Chris Child is the designer of the top-selling International Cricket Captain PC game. He explains how postgraduate study shaped his career in the games industry.
I'd been interested in computers, mainly through playing games, from the age of nine. I'd also written a few very simple games on the Commodore Vic-20 and Spectrum as a teenager. After a BSc in Software Engineering at the University of Birmingham, I went on to complete an MSC in Cognitive Science.
I developed an interest in psychology through reading some of my grandfather’s books after he died (he was a clinical psychiatrist). I was also interested in Neuro Linguistic Programming (NLP) and hypnosis at the time; I was fascinated by the idea that you could programme and control the human mind like a computer. That kind of thing also links in with artificial intelligence (AI), which I have always been fascinated with.
I studied the Masters full time for a year. We had eight taught modules on a range of subjects, designed to help build bridges between research in psychology, philosophy and computing. There was a three-month project at the end, which could be on any subject you preferred. I designed a system which combined neural networks and genetic algorithms, which I like to describe as evolving computer brains.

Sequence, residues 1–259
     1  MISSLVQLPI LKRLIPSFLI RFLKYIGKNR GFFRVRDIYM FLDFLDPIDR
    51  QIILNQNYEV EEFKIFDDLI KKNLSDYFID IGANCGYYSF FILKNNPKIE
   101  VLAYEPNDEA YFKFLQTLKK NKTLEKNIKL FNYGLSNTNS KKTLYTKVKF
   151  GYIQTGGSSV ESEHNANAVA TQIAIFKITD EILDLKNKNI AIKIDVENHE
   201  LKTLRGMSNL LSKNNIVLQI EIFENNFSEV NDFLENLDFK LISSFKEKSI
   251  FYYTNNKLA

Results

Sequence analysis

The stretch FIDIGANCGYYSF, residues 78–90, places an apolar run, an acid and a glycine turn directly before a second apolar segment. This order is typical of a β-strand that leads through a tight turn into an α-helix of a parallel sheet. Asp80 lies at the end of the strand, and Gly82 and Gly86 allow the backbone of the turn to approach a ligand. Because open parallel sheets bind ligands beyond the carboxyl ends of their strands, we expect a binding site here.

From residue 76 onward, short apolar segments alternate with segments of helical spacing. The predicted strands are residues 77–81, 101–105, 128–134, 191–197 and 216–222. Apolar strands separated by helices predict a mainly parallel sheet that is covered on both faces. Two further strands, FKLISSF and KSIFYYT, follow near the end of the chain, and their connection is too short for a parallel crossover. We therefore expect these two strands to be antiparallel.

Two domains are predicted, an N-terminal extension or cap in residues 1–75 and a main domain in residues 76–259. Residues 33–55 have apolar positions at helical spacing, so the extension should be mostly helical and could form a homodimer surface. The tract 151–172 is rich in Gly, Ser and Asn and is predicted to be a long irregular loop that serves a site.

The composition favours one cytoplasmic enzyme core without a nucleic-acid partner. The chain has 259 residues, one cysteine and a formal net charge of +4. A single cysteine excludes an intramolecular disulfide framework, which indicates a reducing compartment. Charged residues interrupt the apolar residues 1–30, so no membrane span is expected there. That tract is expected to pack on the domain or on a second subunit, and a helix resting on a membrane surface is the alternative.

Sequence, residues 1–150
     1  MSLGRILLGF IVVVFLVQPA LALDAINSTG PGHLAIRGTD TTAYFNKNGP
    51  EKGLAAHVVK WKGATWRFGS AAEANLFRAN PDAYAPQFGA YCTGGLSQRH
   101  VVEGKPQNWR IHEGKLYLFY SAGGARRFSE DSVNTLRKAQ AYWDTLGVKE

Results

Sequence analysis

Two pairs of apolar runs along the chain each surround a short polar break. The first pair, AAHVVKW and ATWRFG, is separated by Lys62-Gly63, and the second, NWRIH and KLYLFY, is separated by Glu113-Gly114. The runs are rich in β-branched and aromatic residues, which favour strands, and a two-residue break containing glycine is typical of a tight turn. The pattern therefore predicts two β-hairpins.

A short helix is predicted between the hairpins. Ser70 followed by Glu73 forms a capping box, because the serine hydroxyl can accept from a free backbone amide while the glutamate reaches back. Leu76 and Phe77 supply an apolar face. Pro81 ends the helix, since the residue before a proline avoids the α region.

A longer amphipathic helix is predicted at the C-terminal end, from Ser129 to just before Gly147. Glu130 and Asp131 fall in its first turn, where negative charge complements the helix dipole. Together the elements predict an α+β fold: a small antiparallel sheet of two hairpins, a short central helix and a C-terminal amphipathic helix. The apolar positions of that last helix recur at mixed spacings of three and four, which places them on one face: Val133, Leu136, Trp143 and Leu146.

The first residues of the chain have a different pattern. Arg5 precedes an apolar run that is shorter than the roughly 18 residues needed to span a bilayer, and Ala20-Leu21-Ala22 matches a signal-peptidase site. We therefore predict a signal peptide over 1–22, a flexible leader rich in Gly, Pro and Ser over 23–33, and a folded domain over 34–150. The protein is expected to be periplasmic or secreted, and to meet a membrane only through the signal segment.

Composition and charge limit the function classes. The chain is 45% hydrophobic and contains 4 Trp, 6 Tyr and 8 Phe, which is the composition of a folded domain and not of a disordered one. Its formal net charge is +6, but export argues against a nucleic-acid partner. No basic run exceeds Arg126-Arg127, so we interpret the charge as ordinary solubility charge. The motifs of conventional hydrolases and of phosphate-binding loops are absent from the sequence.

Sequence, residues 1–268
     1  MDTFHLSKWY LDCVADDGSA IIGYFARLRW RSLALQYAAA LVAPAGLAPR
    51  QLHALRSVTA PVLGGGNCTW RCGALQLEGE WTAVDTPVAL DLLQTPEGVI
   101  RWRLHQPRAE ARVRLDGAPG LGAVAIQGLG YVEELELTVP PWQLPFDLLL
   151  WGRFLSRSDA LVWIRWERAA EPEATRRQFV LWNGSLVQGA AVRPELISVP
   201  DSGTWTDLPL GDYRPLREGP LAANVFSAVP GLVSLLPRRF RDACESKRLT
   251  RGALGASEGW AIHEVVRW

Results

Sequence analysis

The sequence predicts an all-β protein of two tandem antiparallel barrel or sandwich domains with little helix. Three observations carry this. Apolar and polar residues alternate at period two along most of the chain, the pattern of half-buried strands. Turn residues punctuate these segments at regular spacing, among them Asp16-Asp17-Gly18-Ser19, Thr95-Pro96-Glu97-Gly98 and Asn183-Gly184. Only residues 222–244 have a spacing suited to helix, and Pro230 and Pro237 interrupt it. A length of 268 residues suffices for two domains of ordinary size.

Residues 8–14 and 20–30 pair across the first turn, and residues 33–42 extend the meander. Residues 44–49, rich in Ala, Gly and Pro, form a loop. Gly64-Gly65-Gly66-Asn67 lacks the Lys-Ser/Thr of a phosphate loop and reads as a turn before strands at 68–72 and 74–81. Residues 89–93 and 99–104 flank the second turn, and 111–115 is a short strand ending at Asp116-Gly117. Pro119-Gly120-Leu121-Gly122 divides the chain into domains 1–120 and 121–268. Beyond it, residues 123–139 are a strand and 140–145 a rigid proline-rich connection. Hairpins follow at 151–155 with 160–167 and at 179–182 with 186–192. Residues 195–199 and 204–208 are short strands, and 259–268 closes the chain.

It worked really well, improved my programming skills and helped me to get a distinction. I'm also pretty sure it helped me land a job at Logica, which is where I worked immediately after my Masters.
At Logica, I worked on image analysis, which is something that I learned about on the MSc’s neural network course. We had an excellent lecturer for psychology and the philosophy course was fascinating because of the way it links in with AI. We discussed whether, if you did create a being through AI, it would think as a human and be intelligent enough to have a soul and human rights. I also gained some excellent knowledge about research methods in general, which has enabled me to pursue an academic career after several years in industry.
For the last few years I've been studying for a PhD at City University London and have had a role as a visiting lecturer on its Computer Science with Games Technology BSc (Hons). This year, I've helped to create City’s new MSc in Computer Games Technology and have recently started a full-time job as games technology lecturer at the University.
I certainly wouldn't have become a lecturer or studied for my PhD without the Masters, and the extra qualification gave me far more options. I also work part time running my computer game company, Childish Things Ltd. I've been working in the games industry for ten years now, making a very successful series of cricket games. My Masters gave me the confidence to persuade a publisher that my slightly odd game idea was worth a punt.
It’s always great fun to see people inspired to use technology to build something creative. My computer game company is also moving into a new realm this year because I've taken on more employees to allow me to continue creating games to further focus on my academic career.